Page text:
“Hey, dogs, do you want to go for a car ride?”
What follows are the enthusiastic clickity-clacks of paws as they storm the kitchen. “Car ride” is one of their favorite words—also popular are “walk” and “kibble”—and they want to make it very clear they are amped to join us.
Because my husband, Joe, and I both work outside the home, we try to spice up the weekends for Ava and Bear, the pit mixes we rescued from Tara’s House Animal Rescue. We’re grateful that there are so many things to do with dogs in Frederick (our hometown). Now that the cool fall weather is here, we’ve been taking them on adventures more frequently.
With collars and leashes on, the dogs beeline for the gate while Joe and I trail behind. We’ve become adept at packing for these outings—we each carry a waist pouch full of dog treats and poop bags, along with a thermos of water and a collapsible drinking bowl, so we can give the pups water as they need it. For hikes, we also take a Camelbak of water for ourselves. Dogs can dehydrate just as humans can, so it’s vital that we have enough water to keep everyone on their feet—or paws—no matter the temperature.
Our first stop was Dublin Roasters, which, according to Joe, serves the best coffee in Frederick. (I’m not a coffee drinker, so I have no opinion on this.)
Proprietor Serina Roy travels the world looking for the best beans for her North Market Street store, where they are roasted in small batches and brewed to perfection. We ordered a blueberry muffin for me, an apple cinnamon whoopie pie for Joe, and two “Puppuccinos,” which are free with a purchase.
Consisting of whipped cream and a Milk-Bone, the cups were a hit with both Ava and Bear, who gobbled them down and then slurped some water at a communal dog bowl under the tent where we had found a table. Joe sampled a flight of four coffee flavors and proclaimed the Volt blend, Dublin’s signature, the best. With full bellies, we headed to the car.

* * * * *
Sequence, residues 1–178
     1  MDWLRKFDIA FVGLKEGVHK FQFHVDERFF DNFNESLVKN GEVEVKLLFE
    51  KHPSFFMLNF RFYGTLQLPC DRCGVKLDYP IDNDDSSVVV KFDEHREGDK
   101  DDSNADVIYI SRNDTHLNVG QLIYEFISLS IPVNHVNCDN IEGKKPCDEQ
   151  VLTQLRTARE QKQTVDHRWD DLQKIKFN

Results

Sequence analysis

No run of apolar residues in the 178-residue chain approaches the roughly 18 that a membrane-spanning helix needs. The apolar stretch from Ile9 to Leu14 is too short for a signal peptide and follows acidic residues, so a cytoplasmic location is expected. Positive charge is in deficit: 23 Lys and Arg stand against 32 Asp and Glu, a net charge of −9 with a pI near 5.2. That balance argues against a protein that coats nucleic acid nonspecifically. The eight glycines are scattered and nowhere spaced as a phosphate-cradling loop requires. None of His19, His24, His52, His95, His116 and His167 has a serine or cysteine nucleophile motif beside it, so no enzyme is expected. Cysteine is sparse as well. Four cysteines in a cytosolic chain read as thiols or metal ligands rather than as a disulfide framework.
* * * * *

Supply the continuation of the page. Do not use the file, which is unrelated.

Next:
It was time for Bear’s favorite part of any outing—hiking. We went to Fountain Rock Park in Walkersville, a true gem tucked on a curvy road off Route 194. As a history lover, one of the highlights of this park for me is the limestone kilns. Once used to create powdered lime for fertilizer, today, the industrial stone structures offer a pleasing juxtaposition against the verdant colors of nature. We walked around, reading signs that provided a glimpse at the dangers inherent in producing limestone.
The park has two ponds used over the years for trout farming. The larger of the two is an old quarry, now rimmed with a boardwalk. It’s a perfect place to spot turtles, fish, and ducks or just to enjoy the beautiful rock wall reflecting off the glistening watery surface.
Fountain Rock also has a variety of delights for two-legged children. There is an outdoor music area where kids can play musical instruments, including drums and chimes; a kitchen area complete with dishes; food pellets to throw to the ducks; and a swing set with a zip line and slides. We headed to a nature trail with small signs along the path identifying trees and plants, along with yellow treasure boxes for small hands to open and explore. On our visit, the boxes were full of black walnuts instead of what the signs described. Not at all sticklers for accuracy, Ava and Bear stuck their heads in each one anyway.